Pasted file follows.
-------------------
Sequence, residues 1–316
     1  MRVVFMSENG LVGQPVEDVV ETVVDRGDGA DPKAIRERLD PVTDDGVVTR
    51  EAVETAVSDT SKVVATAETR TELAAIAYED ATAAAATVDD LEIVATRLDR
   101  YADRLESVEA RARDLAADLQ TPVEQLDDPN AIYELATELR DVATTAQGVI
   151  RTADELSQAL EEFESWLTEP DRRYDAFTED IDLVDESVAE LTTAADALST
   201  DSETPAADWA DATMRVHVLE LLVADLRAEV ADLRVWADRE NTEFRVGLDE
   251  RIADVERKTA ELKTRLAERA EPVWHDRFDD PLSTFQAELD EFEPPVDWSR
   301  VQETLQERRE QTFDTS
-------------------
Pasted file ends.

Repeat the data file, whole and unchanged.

Sequence, residues 1–316
     1  MRVVFMSENG LVGQPVEDVV ETVVDRGDGA DPKAIRERLD PVTDDGVVTR
    51  EAVETAVSDT SKVVATAETR TELAAIAYED ATAAAATVDD LEIVATRLDR
   101  YADRLESVEA RARDLAADLQ TPVEQLDDPN AIYELATELR DVATTAQGVI
   151  RTADELSQAL EEFESWLTEP DRRYDAFTED IDLVDESVAE LTTAADALST
   201  DSETPAADWA DATMRVHVLE LLVADLRAEV ADLRVWADRE NTEFRVGLDE
   251  RIADVERKTA ELKTRLAERA EPVWHDRFDD PLSTFQAELD EFEPPVDWSR
   301  VQETLQERRE QTFDTS